OF The cutting tool industry focused on global concerns at its third world conference. OPPORTUNITY
By The A MERICAN M ACHINIST staff
Fabrizio Resmini, Bruce Williams, Dr. Wolfgang Sengebusch, and Makoto Takeuchi participate in the conference. Global opportunities were on the agenda of the third World Conference for Manufacturers of Metal-Cutting Tools. According to Program Chairman Gary Vanderpol of Criterion Machine Works Inc., Costa Mesa, Calif., the event let members of the United States Cutting Tool Institute (USCTI), the European Cutting Tool Association (ECTA), and the Japan Cutting Tool Association form alliances, network, and carry on business relationships with industries from all corners of the globe. Conference-goers wanted to let end users know, We are working together as diligently as possible as a world industry to bring customers the best-possible products. Because of the global economy, one of the top concerns facing this industry centered on collaboration. Conference participants indicated that despite competitiveness, collaboration between associations,
U.K.-based Ferroday Ltd. gave a presentation on ISO 13399, a new standard that describes modern cutting tools. And technology such as CAD, CAM, and PDM systems, as well as advancements in production simulation, tool presetting, and enterprise resource planning, mean a greater role for computer systems in cutting tool selection. Modern tools can also have multiple functions based on the demands of multitasking machines. This means new standards containing more information are required to explain the capabilities of products controlled by computer systems. Shared collaboration and economic issues did not damper anyones enthusiasm to see new products in action. Dr. Dirk Friedrich, from Germanys WZL Laboratory for Machine Tools and Production Engineering at the University of Technology, Aachen, gave a presentation on Conference-goers learn about global business concerns.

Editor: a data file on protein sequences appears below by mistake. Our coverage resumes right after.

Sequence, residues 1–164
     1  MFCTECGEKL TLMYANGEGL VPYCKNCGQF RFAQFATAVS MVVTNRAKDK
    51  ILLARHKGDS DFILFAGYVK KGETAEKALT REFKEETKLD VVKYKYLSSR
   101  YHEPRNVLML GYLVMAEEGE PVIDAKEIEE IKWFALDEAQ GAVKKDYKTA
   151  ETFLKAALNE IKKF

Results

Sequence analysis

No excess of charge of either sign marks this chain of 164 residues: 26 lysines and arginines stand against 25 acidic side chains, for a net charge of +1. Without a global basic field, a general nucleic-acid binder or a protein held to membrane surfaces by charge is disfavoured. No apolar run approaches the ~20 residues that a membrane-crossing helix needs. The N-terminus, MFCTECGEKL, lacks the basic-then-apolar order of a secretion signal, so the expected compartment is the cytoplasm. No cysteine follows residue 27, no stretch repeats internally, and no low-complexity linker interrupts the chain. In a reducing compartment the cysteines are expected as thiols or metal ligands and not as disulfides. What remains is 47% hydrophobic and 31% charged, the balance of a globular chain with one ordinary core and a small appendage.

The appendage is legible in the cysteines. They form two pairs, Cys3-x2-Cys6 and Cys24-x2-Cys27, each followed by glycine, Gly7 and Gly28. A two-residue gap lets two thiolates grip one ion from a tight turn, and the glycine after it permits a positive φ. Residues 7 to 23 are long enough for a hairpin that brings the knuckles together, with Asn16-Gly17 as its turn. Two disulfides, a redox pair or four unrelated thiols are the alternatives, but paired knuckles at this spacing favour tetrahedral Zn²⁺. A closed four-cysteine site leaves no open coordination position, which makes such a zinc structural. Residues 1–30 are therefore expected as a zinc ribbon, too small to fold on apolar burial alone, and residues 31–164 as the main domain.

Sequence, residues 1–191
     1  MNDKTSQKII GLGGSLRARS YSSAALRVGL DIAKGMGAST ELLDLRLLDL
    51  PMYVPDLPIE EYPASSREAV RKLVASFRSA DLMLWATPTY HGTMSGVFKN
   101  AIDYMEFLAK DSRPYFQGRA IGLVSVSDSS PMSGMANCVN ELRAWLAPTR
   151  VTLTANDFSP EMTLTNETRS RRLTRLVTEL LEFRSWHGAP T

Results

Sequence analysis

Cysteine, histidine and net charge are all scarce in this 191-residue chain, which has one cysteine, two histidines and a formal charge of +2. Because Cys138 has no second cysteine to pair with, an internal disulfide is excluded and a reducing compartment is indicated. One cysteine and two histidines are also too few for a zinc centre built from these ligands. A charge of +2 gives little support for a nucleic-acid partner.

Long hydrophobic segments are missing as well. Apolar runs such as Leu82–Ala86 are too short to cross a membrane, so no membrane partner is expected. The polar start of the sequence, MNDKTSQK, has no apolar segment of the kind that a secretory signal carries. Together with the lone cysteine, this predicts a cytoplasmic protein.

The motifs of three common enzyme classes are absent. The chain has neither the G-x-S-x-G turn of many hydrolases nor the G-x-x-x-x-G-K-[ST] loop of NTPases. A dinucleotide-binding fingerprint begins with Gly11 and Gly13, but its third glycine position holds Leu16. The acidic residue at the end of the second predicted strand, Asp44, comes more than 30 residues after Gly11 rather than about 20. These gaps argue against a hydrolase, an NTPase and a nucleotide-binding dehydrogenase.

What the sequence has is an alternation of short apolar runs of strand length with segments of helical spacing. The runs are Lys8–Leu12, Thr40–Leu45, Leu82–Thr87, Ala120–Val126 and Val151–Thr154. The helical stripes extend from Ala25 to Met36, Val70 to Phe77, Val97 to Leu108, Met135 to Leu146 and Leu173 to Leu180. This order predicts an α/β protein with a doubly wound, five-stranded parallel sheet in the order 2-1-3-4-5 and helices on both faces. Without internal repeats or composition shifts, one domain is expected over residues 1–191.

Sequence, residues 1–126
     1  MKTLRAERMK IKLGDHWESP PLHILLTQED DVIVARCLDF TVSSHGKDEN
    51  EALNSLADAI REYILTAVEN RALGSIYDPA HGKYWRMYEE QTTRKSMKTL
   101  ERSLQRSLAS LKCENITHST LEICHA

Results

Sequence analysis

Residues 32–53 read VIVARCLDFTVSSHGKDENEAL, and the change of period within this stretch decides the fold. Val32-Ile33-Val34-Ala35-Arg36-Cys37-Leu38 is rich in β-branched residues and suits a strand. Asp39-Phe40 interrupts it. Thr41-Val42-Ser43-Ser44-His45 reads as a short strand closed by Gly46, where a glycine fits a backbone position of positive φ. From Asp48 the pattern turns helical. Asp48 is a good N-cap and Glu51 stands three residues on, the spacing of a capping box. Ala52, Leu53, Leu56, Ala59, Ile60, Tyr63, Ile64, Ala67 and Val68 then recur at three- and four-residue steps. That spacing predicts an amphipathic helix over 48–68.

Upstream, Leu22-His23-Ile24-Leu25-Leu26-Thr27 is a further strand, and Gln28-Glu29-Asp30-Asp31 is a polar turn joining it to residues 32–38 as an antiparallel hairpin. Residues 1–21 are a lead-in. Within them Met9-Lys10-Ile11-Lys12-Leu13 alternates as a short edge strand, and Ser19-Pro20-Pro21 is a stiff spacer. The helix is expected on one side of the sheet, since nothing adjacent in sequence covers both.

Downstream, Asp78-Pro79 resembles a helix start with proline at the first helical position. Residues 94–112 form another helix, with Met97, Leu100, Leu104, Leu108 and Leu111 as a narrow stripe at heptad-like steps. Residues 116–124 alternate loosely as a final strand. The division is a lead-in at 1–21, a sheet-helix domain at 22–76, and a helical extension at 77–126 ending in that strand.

experimental cutting tool geometries that addressed the paradox inherent in grinding carbide inserts with grinding wheels. Dr. Friedrich explained, In a grinding process, you want the grit to win, while in a cutting process you want the insert to win. This leads to questions as to how to best make an insert or a cutting tool with the most efficient processes. Friedrich commented that opportunities abound in virtual machining, which allows simulated trials with tool geometries so crazy no one could believe they would remove anything. Simulated trials let companies closely analyze chip creation, including the surfaces behind chips. Thats because virtual reality can be stopped mid-process, not possible on a real machine. As Friedrich said, You can examine your insert and see how it behaves from temperature extremes to high stresses. And you can see the stresses of the chip on your workpiece. While wear of geometries can never be totally avoided, new geometries are minimizing crater wear. Participants also discussed recent developments in HSS coated with powdered metal. Williams commented, The development work in powdered-metal technology will allow an extension of HSS use. It will be interesting to see how effective this is because powdered metal is currently expensive. But this technology allows higher high-end hardness, and the tool is less brittle. Also, these tools dont require quite as rigid a machine, so they work on older equipment. And there is still a lot of production that takes place on older equipment with four spindles. Resmini agreed, adding, Newer equipment lets you benefit from carbide inserts. But we have a huge market of medium-sized companies that are not into big-batch production. Theyre more concerned with tool life than cutting performance. In this case, well-coated HSS can compete with carbide.